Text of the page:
More than half of all South Africans are now classified as medically overweight or obese, and this has serious implications for the health system.
As urban centres continue to grow across Africa, South Africa vies for bragging rights as the continent's economic powerhouse. But in terms of the number of people who are overweight or obese, there is one clear winner: South Africa.
According to the most recent World Health Organisation data, more than half of adults in the country are overweight or obese: more than a 10% increase in the last 25 years. In South Africa, undernutrition remains a major challenge, with rates far exceeding those expected, given its economic status. The impact on health systems, not just in South Africa, but globally, is unsustainable.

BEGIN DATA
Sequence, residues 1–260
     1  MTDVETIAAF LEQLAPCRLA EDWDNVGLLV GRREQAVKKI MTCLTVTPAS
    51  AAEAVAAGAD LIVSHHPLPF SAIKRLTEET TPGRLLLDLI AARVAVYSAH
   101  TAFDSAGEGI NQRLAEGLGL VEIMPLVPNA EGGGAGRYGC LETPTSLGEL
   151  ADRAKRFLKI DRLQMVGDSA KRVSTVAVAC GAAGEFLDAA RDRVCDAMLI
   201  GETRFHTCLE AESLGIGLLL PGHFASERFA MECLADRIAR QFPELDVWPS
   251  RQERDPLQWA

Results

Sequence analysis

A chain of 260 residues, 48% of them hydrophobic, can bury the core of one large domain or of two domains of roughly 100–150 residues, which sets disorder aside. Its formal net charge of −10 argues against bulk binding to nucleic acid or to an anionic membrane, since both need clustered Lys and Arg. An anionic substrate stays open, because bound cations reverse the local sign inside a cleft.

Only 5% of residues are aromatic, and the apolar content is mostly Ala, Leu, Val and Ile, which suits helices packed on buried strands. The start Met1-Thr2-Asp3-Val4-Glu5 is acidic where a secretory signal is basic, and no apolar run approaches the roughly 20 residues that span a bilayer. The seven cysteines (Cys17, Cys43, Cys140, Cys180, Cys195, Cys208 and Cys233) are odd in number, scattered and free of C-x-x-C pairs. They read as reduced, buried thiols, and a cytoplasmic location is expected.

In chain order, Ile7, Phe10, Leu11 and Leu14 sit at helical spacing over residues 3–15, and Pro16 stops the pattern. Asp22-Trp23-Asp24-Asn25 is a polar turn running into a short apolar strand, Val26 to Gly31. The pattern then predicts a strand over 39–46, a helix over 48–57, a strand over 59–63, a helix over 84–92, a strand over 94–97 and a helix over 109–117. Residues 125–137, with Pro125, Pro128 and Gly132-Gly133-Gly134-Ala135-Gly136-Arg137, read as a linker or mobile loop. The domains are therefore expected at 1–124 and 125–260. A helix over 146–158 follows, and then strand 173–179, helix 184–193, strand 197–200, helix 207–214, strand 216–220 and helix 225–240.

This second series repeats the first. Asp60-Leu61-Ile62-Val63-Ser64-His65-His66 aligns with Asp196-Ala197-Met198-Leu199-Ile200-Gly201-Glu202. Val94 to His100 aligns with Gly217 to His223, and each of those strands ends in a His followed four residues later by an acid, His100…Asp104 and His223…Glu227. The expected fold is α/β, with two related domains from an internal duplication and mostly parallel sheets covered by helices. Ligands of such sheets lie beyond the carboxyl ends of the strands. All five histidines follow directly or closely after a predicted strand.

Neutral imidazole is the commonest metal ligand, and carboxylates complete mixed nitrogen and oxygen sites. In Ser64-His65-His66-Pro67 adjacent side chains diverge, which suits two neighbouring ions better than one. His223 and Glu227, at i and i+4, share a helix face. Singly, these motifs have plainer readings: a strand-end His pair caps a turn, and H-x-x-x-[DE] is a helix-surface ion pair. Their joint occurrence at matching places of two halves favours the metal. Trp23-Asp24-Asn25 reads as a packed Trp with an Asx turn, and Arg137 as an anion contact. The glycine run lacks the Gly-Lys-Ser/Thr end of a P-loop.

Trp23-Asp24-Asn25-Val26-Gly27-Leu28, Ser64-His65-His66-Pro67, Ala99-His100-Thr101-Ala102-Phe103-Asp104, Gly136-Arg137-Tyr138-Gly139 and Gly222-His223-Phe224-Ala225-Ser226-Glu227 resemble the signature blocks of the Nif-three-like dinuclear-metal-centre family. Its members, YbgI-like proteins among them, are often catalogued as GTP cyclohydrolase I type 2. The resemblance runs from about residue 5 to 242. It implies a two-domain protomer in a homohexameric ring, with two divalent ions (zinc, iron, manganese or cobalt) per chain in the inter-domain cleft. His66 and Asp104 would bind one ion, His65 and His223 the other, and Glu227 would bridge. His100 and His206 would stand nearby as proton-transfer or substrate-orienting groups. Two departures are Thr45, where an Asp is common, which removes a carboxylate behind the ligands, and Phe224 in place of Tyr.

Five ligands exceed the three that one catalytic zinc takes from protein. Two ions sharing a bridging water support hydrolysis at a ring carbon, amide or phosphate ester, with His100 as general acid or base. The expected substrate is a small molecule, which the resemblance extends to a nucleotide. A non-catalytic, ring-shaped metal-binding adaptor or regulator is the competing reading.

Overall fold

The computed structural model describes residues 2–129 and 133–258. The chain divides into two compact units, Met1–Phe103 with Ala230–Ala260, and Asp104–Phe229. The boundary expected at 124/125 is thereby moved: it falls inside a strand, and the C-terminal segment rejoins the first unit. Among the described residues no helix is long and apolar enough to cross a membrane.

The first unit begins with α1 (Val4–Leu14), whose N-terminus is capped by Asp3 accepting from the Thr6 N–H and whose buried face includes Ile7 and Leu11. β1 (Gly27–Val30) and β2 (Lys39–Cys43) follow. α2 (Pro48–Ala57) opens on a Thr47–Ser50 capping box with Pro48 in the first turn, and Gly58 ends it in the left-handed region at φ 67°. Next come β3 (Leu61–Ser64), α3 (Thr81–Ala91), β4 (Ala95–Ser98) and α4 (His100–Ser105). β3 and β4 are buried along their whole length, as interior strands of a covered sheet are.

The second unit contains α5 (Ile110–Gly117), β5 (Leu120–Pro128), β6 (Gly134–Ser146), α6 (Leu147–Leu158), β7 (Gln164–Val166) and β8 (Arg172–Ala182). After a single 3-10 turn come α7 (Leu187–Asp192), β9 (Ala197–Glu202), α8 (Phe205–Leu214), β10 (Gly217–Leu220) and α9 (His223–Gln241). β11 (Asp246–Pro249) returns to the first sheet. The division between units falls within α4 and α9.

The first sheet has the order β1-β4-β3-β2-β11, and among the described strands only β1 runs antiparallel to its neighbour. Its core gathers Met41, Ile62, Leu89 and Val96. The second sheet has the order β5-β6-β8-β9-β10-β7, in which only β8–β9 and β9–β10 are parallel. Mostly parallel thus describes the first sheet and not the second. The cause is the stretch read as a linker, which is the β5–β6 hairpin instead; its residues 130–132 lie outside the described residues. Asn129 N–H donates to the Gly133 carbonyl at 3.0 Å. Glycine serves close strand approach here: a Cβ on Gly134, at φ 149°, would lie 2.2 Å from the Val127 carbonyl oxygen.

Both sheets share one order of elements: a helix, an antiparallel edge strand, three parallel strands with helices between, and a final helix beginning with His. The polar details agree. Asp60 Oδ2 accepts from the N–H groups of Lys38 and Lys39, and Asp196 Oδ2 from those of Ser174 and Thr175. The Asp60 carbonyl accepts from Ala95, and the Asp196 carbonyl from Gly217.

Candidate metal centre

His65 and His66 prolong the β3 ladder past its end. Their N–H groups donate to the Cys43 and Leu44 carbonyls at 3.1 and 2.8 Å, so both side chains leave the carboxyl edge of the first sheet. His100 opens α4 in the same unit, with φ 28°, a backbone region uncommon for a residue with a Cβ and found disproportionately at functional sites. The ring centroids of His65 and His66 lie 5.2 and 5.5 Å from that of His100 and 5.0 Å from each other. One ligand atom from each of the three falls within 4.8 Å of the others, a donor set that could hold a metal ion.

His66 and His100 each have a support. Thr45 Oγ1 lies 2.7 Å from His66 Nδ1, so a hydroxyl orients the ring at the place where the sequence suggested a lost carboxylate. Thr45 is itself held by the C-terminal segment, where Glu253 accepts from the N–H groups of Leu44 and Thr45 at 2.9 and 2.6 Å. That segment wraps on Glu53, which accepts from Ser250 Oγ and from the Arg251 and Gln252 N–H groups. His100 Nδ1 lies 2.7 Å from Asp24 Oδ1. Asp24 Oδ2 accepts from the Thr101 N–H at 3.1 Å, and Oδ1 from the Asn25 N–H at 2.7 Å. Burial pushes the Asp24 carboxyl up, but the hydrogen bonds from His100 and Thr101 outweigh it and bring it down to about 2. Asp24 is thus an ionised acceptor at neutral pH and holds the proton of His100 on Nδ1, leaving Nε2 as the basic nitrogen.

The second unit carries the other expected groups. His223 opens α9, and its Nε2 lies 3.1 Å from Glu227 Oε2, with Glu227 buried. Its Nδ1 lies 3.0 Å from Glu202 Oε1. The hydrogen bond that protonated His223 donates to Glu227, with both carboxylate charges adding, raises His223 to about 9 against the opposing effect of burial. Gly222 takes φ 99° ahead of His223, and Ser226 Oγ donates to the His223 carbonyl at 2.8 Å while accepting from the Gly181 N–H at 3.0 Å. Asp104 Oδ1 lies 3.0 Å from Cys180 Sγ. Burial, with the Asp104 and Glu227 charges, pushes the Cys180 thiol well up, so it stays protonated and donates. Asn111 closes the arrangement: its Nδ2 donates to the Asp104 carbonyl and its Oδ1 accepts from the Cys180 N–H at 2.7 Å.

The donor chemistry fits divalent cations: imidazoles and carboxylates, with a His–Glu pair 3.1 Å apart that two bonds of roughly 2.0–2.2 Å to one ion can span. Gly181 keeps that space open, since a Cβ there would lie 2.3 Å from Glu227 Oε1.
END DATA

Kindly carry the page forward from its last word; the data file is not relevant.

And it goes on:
The government has been a pioneer in adopting a countrywide soda tax and this is a step forward. But without a programme to educate the South African public on the effects of obesity or a comprehensive national study which lays down a marker on the magnitude of the problem, it will not be enough to turn the tide.
Although the economy turned a corner in 2002, it currently finds itself much closer to the...